The time-travel trope of so many science fiction stories are hard enough to take, but what do you get when you cross time-travel with feminist theory? You get this, in the journal Cultural Studies:
Angie Morrill, University of Oregon
In this article, I analyze a painting by Modoc/Klamath artist Peggy Ball through a Native feminist reading methodology. The painting, Vanport, is named after a city that disappeared in a flood in 1948. The artist survived that flood, and displacement as did thousands of others. The painting is a rememory map of dislocations and hauntings and disappearances. The painting remaps gentrified dislocations, telling stories that focus on the relationship of the present to the past and the past to the future. The painting itself is a Native feminist practice. The travel to places gone, to places that will reappear again; by people gone as well as by people presently alive; into times that existed, that never existed, that will exist again; to times made contemporaneous by time traveling dogs; with people co-present through desire—at the heart of all this time travel is recognition and survivance.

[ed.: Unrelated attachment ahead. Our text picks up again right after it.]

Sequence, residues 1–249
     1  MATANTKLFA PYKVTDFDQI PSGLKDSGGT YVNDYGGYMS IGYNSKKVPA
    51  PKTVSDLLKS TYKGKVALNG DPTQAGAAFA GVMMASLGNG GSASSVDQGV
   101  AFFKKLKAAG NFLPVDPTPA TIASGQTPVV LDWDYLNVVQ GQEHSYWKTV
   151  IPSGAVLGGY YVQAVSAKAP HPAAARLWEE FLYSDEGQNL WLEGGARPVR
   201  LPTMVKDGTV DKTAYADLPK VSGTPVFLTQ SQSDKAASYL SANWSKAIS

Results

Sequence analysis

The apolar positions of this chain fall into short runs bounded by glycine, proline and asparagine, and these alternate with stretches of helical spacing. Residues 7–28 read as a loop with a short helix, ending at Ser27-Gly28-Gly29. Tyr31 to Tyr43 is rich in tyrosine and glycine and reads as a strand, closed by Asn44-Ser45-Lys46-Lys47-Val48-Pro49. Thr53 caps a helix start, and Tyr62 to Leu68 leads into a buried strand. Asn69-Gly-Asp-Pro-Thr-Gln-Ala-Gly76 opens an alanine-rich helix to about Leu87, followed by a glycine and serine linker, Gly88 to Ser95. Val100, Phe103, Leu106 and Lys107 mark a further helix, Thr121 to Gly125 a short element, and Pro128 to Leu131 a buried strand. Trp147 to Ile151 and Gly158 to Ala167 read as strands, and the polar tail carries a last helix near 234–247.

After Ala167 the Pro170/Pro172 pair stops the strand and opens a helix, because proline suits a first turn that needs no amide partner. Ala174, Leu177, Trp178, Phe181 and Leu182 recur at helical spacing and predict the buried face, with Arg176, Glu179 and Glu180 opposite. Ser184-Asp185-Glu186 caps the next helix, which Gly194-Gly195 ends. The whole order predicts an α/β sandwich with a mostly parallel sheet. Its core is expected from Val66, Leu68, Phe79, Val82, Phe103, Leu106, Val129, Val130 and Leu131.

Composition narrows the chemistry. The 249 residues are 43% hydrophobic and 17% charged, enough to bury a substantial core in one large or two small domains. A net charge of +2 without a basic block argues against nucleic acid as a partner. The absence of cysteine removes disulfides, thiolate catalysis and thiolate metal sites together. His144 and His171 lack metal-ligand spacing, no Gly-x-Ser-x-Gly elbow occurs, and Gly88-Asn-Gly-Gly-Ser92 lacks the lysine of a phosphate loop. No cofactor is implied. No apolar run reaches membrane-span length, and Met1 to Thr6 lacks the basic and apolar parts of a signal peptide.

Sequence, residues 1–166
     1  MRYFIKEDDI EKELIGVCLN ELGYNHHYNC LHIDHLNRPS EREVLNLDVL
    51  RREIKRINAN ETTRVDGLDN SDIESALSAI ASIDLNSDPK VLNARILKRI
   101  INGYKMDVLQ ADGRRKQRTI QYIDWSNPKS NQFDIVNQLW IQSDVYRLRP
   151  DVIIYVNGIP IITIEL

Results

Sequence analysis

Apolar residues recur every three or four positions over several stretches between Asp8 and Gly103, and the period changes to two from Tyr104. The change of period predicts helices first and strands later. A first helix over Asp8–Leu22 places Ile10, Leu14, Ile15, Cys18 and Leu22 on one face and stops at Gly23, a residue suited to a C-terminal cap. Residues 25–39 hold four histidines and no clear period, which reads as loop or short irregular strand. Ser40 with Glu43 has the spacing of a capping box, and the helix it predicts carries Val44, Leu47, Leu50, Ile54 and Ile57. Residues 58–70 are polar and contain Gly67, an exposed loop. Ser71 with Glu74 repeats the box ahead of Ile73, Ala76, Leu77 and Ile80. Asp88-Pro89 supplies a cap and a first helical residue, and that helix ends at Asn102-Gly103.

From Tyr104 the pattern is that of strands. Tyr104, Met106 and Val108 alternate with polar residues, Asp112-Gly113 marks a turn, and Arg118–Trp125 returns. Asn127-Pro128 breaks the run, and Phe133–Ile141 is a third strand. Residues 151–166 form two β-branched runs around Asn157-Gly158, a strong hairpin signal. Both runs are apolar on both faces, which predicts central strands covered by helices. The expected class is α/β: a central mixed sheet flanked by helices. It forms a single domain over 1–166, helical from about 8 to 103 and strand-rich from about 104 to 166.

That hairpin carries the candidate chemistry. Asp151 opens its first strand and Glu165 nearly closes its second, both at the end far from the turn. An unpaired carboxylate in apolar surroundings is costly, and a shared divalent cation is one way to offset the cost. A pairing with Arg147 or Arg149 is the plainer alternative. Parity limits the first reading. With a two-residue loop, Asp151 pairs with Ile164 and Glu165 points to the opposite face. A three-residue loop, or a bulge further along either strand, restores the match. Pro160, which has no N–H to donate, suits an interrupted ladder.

But this doesn’t appear to answer the crucial question: how exactly do you measure time travel in dog years? Wouldn’t there by some kind of quantum problem, with humans and dogs arriving at different times from the same machine? I know it worked for Rocky and Bullwinkle in their Wayback Machine, but that was a cartoon, and this is real life time travel we’re talking about now. And what would this author make of Whistler’s Mother, not to mention the classic painting of dogs playing poker?
As always, non-subscribers to Cultural Studies can obtain this article from Sage Publications for the modest price of $36.